Morning Psalms 84; 150

First Reading Genesis 48:8-22

Second Reading Romans 8:11-25

Gospel Reading John 6:27-40

Evening Psalms 42; 32


                        11If the Spirit of him who raised Jesus from the dead dwells in you, he who raised Christ from the dead will give life to your mortal bodies also through his Spirit that dwells in you.

                        12So then, brothers and sisters, we are debtors, not to the flesh, to live according to the flesh – 13for if you live according to the flesh, you will die; but if by the Spirit you put to death the deeds of the body, you will live. 14For all who are led by the Spirit of God are children of God. 15For you did not receive a spirit of slavery to fall back into fear, but you have received a spirit of adoption. When we cry, “Abba! Father!” 16it is that very Spirit bearing witness with our spirit that we are children of God, 17and if children, then heirs, heirs of God and joint heirs with Christ – if, in fact, we suffer with him so that we may also be glorified with him.

                        18I consider that the sufferings of this present time are not worth comparing with the glory about to be revealed to us. 19For the creation waits with eager longing for the revealing of the children of God; 20for the creation was subjected to futility, not of its own will but by the will of the one who subjected it, in hope 21that the creation itself will be set free from its bondage to decay and will obtain the freedom of the glory of the children of God. 22We know that the whole creation has been groaning in labor pains until now; 23and not only the creation, but we ourselves, who have the first fruits of the Spirit, groan inwardly while we wait for adoption, the redemption of our bodies. 24For in hope we were saved. Now hope that is seen is not hope. For who hopes for what is seen? 25But if we hope for what we do not see, we wait for it with patience.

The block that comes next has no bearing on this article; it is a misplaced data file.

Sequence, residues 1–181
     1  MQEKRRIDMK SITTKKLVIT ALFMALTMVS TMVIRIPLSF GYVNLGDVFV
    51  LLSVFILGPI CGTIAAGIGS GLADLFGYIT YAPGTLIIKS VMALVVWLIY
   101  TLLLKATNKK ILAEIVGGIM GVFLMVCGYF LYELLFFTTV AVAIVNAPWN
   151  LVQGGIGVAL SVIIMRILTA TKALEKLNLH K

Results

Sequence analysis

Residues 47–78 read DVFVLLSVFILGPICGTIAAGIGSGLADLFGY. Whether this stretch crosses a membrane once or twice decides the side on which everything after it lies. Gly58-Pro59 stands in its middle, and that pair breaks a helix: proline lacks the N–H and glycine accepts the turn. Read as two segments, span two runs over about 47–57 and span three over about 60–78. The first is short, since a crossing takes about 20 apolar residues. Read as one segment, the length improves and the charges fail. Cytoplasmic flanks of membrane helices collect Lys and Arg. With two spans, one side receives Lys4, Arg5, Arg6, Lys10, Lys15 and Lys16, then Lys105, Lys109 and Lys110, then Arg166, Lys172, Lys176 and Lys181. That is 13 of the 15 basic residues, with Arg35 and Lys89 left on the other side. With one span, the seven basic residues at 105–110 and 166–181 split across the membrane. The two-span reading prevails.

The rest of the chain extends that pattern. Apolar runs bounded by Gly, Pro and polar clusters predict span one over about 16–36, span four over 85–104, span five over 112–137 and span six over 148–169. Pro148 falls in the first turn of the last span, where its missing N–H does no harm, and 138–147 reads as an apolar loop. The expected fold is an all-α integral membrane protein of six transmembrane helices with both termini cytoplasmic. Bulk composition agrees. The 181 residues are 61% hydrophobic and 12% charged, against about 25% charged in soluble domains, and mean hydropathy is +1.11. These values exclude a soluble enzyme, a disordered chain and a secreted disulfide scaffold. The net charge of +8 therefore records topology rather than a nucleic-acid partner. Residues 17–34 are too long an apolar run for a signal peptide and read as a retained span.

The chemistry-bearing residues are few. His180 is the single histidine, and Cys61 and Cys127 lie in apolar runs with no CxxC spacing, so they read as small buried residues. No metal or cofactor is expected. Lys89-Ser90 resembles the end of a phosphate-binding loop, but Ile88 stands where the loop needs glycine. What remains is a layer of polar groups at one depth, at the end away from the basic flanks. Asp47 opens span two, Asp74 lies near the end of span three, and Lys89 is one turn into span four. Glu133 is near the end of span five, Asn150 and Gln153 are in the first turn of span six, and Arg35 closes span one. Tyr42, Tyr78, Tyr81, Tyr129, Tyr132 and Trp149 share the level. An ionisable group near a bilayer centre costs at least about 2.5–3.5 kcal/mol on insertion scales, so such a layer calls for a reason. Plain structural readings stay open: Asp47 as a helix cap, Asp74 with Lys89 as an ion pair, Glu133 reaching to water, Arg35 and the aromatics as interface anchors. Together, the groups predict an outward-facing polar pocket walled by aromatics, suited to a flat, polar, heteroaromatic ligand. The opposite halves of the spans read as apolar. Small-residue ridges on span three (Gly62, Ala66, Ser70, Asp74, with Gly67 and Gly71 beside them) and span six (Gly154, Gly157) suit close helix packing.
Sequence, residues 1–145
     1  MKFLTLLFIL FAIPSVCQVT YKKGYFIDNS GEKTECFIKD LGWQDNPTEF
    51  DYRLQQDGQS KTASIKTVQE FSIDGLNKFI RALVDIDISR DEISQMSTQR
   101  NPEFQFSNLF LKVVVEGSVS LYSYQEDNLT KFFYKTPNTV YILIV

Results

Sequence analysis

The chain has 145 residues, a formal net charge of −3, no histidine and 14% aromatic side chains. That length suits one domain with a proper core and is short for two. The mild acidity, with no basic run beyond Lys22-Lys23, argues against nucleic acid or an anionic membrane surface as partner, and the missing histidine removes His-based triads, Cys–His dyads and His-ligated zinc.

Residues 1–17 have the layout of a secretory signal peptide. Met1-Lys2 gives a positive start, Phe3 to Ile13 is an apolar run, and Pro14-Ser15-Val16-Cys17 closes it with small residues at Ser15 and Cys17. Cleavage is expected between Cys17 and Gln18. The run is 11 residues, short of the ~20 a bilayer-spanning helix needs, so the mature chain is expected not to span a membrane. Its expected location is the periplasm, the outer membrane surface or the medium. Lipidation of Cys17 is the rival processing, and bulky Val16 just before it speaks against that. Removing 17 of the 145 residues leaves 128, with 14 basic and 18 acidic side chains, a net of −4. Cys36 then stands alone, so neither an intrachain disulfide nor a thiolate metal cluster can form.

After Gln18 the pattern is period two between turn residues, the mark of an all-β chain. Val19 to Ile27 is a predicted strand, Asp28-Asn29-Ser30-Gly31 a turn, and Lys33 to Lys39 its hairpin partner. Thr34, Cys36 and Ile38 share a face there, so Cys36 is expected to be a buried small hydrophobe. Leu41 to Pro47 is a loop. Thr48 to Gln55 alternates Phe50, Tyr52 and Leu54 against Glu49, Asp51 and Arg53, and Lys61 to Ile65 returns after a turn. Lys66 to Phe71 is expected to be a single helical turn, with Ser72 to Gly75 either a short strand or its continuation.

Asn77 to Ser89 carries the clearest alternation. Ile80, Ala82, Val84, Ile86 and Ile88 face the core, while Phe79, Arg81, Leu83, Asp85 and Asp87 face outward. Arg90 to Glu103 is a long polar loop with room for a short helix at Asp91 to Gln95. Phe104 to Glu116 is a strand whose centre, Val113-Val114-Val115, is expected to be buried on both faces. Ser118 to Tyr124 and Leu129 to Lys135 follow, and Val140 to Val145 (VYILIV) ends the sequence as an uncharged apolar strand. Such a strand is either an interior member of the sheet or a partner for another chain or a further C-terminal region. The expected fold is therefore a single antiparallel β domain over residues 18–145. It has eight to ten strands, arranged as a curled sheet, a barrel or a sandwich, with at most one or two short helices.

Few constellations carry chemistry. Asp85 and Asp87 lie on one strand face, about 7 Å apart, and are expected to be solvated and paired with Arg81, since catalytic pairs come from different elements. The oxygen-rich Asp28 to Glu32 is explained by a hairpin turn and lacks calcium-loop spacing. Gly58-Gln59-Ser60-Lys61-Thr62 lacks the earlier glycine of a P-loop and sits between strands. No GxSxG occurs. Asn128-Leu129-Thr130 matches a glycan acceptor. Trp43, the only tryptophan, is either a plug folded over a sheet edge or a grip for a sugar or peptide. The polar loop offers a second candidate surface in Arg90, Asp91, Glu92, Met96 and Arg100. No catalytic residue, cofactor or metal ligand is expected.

“I consider that the sufferings of this present time are not worth comparing with the glory about to be revealed to us.” A hard belief at a time like this—yet we forget how many of Paul’s letters were written from prison cells. Paul doesn’t hope lightly. He hopes when he’s sick and beaten, on the run, under indictment, with nothing to suggest that things will get better except this one experience he has on the Damascus road that has turned his life around. Maybe we wish that we had met the Lord so forcefully that something in our lives could outweigh the loneliness, the isolation, and the worry of the days ahead. Paul reminds us that, no matter how we feel, these struggles are only the groaning pains of labor. Something is waiting to be born. Things will change; and in our hope, they already have.

Loving God, as we wait for the birth of a new creation, let your hope be born in us. By your Spirit, lift our heavy and burdened souls into the lightness of joy, to carry us through the length of these days into our eternal home in your presence: through Jesus Christ, our Lord. Amen.